Selimiye Mosque, Edirne Turkey

Edirne is one of the former capital cities of Ottoman empire. However it is better known with the Selimiye mosque.

Selimiye Mosque gallery link is here.

In case you are interested in other photos from Edirne, then you may follow this link as well.

A general inner view is given below together with information taken from Wikipedia.

From Wikipedia:
The Selimiye Mosque (Turkish: Selimiye Camii) is an Ottoman mosque in the city of Edirne, Turkey. The mosque was commissioned by Sultan Selim II and was built by architect Mimar Sinan between 1568 and 1574. It was considered by Sinan to be his masterpiece and is one of the highest achievements of Islamic architecture.

This grand mosque stands at the center of a k?lliye (complex of a hospital, school, library and/or baths around a mosque) which comprises a medrese (Islamic academy teaches both Islamic and scientific lessons), a dar-?l hadis (Al-Hadith school), a timekeeper’s room and an arasta (row of shops). In this mosque Sinan employed an octagonal supporting system that is created through eight pillars incised in a square shell of walls. The four semi domes at the corners of the square behind the arches that spring from the pillars, are intermediary sections between the huge encompassing dome (31.25m diameter with spherical profile) and the walls.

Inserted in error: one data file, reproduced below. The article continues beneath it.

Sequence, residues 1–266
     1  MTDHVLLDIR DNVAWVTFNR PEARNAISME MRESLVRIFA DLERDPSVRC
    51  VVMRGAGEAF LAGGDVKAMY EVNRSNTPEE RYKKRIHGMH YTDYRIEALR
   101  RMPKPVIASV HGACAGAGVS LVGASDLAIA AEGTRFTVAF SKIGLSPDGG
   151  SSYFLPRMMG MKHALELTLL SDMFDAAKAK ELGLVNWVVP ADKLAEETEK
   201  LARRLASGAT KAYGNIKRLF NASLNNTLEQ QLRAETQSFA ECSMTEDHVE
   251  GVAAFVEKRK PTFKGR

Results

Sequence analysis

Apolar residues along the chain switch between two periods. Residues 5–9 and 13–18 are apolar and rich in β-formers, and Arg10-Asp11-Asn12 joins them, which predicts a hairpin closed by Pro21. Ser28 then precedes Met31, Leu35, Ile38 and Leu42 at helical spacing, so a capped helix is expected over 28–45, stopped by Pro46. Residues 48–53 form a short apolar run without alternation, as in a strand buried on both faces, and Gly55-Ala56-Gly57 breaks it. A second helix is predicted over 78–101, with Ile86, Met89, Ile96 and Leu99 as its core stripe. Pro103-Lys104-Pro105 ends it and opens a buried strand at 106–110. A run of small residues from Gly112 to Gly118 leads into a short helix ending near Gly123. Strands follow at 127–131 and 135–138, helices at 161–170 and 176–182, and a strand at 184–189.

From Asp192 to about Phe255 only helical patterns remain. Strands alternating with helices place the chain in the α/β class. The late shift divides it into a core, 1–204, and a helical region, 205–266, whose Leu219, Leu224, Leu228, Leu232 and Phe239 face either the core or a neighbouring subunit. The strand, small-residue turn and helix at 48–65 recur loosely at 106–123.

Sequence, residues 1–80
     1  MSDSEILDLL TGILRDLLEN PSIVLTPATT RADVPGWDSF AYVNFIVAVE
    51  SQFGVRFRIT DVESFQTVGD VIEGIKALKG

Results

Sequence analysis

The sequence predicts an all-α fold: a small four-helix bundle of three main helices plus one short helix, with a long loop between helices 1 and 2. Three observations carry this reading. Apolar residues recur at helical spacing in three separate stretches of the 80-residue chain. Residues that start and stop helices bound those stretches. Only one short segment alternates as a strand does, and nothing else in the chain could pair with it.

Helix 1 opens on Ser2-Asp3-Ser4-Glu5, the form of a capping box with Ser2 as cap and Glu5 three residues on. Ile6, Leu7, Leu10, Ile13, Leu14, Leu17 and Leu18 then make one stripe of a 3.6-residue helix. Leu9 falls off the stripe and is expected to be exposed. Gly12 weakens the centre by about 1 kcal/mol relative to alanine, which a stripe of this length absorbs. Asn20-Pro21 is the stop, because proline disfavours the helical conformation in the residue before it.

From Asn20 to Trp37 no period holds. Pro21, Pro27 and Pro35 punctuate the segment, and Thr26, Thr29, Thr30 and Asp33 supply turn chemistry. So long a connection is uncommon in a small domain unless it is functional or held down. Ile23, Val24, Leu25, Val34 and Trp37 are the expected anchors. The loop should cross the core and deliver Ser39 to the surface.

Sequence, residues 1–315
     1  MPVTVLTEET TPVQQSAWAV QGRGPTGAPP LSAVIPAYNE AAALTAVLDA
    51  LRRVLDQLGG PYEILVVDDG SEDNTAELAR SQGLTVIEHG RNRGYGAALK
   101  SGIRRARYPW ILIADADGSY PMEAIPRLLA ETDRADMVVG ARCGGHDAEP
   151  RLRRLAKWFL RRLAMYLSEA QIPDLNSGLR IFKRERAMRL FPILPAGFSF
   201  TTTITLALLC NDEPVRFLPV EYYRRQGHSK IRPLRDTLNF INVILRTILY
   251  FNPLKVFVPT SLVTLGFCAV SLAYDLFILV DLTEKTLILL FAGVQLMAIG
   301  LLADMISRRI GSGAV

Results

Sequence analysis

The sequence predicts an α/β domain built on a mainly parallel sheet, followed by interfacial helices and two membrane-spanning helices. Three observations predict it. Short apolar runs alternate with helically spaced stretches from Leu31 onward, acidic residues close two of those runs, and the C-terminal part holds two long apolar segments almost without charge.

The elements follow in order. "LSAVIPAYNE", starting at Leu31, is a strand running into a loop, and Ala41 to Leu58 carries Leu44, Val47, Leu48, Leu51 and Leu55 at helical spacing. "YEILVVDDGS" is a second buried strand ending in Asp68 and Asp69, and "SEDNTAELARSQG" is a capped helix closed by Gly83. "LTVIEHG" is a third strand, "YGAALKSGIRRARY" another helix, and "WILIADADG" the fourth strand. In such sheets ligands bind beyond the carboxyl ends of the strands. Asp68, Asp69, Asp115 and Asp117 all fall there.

While conventional mosques were limited by a segmented interior, Sinan’s effort at Edirne was a structure that made it possible to see the mihrab from any location within the mosque. Surrounded by four tall minarets, the Mosque of Selim II has a grand dome atop it. Around the rest of the mosque were many additions: libraries, schools, hospices, baths, soup kitchens for the poor, markets, hospitals, and a cemetery. These annexes were aligned axially and grouped, if possible. In front of the mosque sits a rectangular court with an area equal to that of the mosque. The innovation however, comes not in the size of the building, but from the organization of its interior. The mihrab is pushed back into an apse-like alcove with a space with enough depth to allow for window illumination from three sides. This has the effect of making the tile panels of its lower walls sparkle with natural light. The amalgamation of the main hall forms a fused octagon with the dome-covered square. Formed by eight massive dome supports, the octagon is pierced by four half dome covered corners of the square. The beauty resulting from the conformity of geometric shapes engulfed in each other was the culmination of Sinan’s life long search for a unified interior space.

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